What is Marine Insurance?

What is Marine Insurance

A simple definition of insurance would be “Protection against future loss.” Marine insurance is another variant of the general term ‘insurance’ and, as the name suggests, is provided to ships, shipyards, marinas, offshore installations and floating equipment.

Independent owners can avail of insurance facilities for their watercraft (PWC), megayachts, yachts, and pleasure craft. Some boat insurance coverages include wreck removal and salvage without additional hull coverage costs.

Most importantly, cargo insurance provides coverage to cargo loaded onto ships or vessels during the transportation process.

Different types of coverage options offer protection to various kinds and sizes of ships, depending on the shipping routes taken.

Insurance policies are well-laid-out contracts that both parties must abide by. A policy ensures the vessel is against common risks, such as property damage, theft, collision, explosion, capsizing, etc.

Marine Liability Insurance/P&I, or protection and indemnity, protects third-party liabilities that shipowners and companies are exposed to during their operations. It is indemnity and not liability coverage. It includes coverage for injuries, illnesses, and loss of life caused by operating the vessel. Medical expenditures, damage to other vessels, collision and related expenses are also covered.

Many types of marine insurance and marine insurance companies with years of experience and expertise offer different coverage plans.

Some inland marine insurance providers provide coverage for goods in transit, even when they have reached land and are taken to storage and logistics facilities.

Marine insurance coverage is essential because, through marine insurance, ship owners and transporters can be sure of claiming damages, especially considering the mode of transportation used.

Of the four modes of transport—road, rail, air, and water—the latter most worries the transporters. Not only do natural occurrences have the potential to harm the cargo and the vessel, but other incidents and attributes could cause a huge loss in the financial casket of the transporter and the shipping corporation.

Incidents like piracy and possibilities like cross-border shoot-outs also pose a significant threat to water shipments. Therefore, to avoid any loss because of such events and happenings, it is always beneficial to have a backup, such as marine insurance, in the interest of the corporation and the transporter.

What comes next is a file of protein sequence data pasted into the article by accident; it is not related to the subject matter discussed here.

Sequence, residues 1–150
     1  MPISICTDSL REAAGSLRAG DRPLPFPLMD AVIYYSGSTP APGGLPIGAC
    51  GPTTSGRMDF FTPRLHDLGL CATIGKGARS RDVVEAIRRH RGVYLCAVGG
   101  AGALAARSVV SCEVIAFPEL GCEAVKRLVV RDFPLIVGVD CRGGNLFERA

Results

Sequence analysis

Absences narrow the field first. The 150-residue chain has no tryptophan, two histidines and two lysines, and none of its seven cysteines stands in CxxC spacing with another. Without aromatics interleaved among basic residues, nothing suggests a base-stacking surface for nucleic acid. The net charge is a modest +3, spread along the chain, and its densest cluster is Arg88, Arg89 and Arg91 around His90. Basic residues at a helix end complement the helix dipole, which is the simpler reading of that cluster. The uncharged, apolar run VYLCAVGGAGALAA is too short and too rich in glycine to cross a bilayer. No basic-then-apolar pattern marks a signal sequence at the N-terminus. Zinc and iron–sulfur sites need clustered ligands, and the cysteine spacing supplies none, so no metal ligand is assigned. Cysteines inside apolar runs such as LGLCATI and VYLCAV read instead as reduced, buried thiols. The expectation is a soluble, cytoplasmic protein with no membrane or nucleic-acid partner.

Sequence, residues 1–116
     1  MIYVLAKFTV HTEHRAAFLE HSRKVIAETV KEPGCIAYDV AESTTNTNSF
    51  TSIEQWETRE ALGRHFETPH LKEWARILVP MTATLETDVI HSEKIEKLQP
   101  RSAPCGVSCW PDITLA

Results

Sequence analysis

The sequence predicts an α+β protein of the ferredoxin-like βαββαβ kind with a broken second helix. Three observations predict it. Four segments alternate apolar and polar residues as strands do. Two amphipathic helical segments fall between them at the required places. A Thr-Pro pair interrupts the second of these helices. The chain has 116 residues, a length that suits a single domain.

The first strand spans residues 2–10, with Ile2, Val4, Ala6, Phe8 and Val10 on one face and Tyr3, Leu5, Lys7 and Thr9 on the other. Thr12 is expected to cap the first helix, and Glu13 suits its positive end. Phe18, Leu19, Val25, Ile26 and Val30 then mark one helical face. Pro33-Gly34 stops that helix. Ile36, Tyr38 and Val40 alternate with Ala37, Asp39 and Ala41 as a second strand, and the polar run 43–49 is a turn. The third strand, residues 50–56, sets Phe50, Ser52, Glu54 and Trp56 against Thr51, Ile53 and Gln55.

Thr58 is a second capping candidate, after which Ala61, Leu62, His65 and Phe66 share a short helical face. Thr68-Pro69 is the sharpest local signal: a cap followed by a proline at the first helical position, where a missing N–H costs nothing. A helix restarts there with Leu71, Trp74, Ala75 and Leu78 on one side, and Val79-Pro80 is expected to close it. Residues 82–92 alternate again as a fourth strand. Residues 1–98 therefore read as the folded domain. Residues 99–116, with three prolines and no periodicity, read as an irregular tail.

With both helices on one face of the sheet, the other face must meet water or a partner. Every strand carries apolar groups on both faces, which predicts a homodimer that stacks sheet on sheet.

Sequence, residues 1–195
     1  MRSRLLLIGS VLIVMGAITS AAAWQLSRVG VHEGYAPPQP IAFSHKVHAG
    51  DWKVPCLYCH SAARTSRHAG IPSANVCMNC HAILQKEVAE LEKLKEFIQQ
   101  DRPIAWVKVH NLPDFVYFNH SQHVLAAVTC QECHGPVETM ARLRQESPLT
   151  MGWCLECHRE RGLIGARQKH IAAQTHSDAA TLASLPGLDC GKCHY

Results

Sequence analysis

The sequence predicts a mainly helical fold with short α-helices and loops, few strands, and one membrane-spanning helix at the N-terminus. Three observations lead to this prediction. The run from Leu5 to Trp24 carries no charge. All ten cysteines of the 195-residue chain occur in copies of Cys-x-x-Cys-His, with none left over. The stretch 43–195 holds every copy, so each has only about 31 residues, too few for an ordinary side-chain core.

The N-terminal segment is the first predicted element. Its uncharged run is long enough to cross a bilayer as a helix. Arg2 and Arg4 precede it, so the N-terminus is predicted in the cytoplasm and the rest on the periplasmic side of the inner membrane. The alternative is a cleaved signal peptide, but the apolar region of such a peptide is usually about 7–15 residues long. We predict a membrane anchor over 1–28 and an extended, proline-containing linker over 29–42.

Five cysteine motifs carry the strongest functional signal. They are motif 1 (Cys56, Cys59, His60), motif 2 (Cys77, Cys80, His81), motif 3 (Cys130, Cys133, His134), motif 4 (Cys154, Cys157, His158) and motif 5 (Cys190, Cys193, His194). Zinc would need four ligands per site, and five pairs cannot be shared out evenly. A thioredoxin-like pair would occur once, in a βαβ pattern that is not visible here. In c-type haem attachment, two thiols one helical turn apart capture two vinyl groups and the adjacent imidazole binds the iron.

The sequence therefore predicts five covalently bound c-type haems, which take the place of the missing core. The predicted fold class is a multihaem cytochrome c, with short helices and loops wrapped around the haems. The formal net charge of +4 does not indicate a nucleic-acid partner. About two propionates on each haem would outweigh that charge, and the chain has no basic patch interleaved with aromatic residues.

container lashing failure

Another important aspect of having marine insurance is that a transporter can choose the insurance plan according to the size of his ship, the routes that his ship takes to transport the cargo, and many other minor points that could significantly affect the transporter.

Also, since various plans and policies indicate covering not just the cargo but also the vessel, the transporter can choose and avail of the best policy that suits his business.

However, as much as marine insurance provides a fair claim to transporters and corporations, it has to be understood that the trickiest and strictest insurance areas when the insurance commenced – i.e. from the 17th century onwards.

While dealing with the scope and range of marine insurance, a ship’s captain must follow a rigid protocol regarding the route and time taken for the cargo and the vessel to reach the intended destination port.

If there is any discrepancy or violation in terms of the route taken, i.e. if the captain varies or digresses in his route from the one originally intended as a part of the ship’s course, then even if there is any mishap occurring to the vessel or the cargo, the insurance claim will be rejected entirely without any possibility of the claim being reimbursed to the claimant at some future date after a few tough negotiations.

Therefore, it becomes essential that a ship’s captain consider the prescribed routes to avoid a failed insurance contract due to an accidental loss caused by a deviation in the path. This would encourage caution on the captain’s part and reduce the possibility of losing essential insurance claims due to inadvertence and negligence.

Marine insurance is a haven for shipping corporations and transporters because it helps to reduce financial loss due to the loss of critical cargo. Also, it helps to establish the duty, dedication, and straightforwardness of the insurance companies toward the transporting companies and the receiving parties.

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The information contained in this website is for general information purposes only. While we endeavour to keep the information up to date and correct, we make no representations or warranties of any kind, express or implied, about the completeness, accuracy, reliability, suitability or availability with respect to the website or the information, products, services, or related graphics contained on the website for any purpose. Any reliance you place on such information is therefore strictly at your own risk.

In no event will we be liable for any loss or damage including without limitation, indirect or consequential loss or damage, or any loss or damage whatsoever arising from loss of data or profits arising out of, or in connection with, the use of this website.

About Author

Raunek Kantharia is a marine engineer turned maritime writer and entrepreneur. After a brief stint at the sea, he founded Marine Insight in 2010. Apart from managing Marine Insight, he also writes for a number of maritime magazines and websites.

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3 Comments

  1. A very informative post. Marine insurance is important in case of import and export of goods which is an integral part of the economy. By compensating against the loss of goods and ship, the policy helps exporters and importers bear any losses incurred during transit.

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